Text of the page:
New additional video footage has surfaced of Saturday afternoon’s fire on a SkyTrain Canada Line train that was making its approach on Aberdeen Station in Richmond.
Two videos captured by a passenger inside the train shows billowing smoke, big sparks and tall electric flames obscuring the elevated view usually seen from the side windows.
Loud bangs and unusual rail grinding noises were heard as the train drove on the southbound track. In addition, while there were some calm voices, some passengers on the train can be heard panicking.
One male voice, presumably the individual that recorded the footage, consoled a frightened passenger who can be heard crying in the video. “Just relax, just relax… hang on to that, hang on to that, just relax,” he said to a fellow passenger as the train slowly ground to a full halt just outside the station.
The incident occurred just before 3 p.m. on Saturday and has been deemed as an “electrical fault” by TransLink. Train service between Bridgeport and Richmond-Brighouse stations were shut down for more than three hours to allow crews to safely evacuate the passengers, assess whether any damage was done to the track, and tow the problem train back to the maintenance yard.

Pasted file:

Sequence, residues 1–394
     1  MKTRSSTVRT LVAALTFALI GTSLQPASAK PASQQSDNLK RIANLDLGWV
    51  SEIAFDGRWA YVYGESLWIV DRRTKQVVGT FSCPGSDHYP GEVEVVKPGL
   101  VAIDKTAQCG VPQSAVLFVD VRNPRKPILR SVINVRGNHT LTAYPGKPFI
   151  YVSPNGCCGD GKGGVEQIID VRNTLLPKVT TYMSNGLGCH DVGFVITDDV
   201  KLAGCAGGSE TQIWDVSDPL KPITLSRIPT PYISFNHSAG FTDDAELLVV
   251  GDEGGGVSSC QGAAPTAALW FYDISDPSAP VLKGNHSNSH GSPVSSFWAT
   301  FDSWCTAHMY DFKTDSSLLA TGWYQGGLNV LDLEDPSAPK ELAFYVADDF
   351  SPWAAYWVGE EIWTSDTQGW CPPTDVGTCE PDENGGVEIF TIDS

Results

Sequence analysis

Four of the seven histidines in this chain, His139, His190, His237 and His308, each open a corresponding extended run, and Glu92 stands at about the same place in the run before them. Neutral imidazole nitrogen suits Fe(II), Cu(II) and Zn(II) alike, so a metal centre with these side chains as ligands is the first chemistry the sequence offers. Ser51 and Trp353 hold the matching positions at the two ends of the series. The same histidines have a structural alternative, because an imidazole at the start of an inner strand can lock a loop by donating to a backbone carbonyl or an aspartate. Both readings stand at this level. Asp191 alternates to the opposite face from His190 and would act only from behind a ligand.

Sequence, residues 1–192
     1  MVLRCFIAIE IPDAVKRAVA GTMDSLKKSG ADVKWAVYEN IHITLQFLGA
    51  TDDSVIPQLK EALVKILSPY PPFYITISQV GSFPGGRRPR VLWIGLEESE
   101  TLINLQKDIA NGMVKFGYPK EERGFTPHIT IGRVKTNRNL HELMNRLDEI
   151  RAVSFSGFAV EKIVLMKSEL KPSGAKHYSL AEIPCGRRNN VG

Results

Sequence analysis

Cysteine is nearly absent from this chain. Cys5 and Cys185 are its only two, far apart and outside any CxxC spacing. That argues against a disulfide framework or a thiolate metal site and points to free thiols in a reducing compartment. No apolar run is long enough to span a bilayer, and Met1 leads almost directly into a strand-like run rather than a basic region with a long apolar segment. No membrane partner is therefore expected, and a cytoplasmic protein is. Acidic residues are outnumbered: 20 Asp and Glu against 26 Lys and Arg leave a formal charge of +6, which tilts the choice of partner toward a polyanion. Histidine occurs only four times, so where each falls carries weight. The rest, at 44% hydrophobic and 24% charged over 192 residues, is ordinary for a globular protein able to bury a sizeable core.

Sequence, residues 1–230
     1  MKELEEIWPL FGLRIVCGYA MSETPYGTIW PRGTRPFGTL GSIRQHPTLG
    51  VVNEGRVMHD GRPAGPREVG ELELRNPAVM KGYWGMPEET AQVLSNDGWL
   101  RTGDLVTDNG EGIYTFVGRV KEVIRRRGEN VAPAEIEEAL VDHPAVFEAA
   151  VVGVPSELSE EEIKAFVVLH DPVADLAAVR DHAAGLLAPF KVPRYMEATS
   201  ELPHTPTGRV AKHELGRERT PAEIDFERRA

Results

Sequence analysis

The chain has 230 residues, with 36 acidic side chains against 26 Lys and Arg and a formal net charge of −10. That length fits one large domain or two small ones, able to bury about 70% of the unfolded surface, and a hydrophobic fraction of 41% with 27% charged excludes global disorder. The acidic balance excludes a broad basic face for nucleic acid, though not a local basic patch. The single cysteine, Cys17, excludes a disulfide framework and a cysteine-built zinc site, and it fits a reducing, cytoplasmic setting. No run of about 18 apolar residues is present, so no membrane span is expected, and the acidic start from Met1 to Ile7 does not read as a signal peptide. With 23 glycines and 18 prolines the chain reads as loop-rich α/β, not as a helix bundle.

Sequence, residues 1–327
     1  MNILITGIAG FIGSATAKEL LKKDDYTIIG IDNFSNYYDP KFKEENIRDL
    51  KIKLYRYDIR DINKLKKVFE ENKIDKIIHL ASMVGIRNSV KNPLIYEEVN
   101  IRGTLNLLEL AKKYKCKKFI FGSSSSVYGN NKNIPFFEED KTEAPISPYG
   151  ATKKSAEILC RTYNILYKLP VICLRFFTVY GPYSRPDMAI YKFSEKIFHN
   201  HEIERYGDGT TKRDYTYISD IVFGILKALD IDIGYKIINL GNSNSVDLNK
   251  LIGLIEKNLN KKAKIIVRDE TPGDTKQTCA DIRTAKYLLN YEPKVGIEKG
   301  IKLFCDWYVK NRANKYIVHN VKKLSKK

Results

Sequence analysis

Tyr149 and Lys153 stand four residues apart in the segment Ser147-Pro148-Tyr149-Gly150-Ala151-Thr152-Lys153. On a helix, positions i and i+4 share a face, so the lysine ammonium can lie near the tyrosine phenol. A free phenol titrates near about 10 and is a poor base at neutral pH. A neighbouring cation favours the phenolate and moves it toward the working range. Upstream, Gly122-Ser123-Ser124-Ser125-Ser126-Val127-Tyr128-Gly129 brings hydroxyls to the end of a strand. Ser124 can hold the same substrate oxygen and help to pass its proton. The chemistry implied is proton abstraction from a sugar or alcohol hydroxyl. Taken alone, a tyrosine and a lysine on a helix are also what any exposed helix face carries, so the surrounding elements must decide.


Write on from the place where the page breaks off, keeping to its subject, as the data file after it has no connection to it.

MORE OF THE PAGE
The Canada Line has a fleet of 20 two-car trains and currently uses a maximum of 17 trains during the morning peak hour. During the evening peak hour, 16 trains are used.
While all three SkyTrain lines are part of a single metro network, there are some major differences between the Canada Line and both the Expo Line and Millennium Line.
South Korea’s Rotem, a division of Hyundai, built the Canada Line trains while Montreal-based Bombardier built the trains that run on the other two lines.
In addition, the trains on the Expo and Millennium lines use linear induction motors, but the Canada Line’s trains utilizes conventional electric motors, which have more moving parts and are more prone to fire incidents.
The Canada Line is operationally independent from the BC Rapid Transit Company, the operator of the Expo and Millennium lines. ProTransBC, a private company and subsidiary of SNC Lavalin, is responsible for the operations and maintenance of the Canada Line through a 35-year concession.
The contract maintains that ProTransBC will be financially penalized by TransLink if it does not meet performance standards.
Feature Image: Nick Chen screenshot via YouTube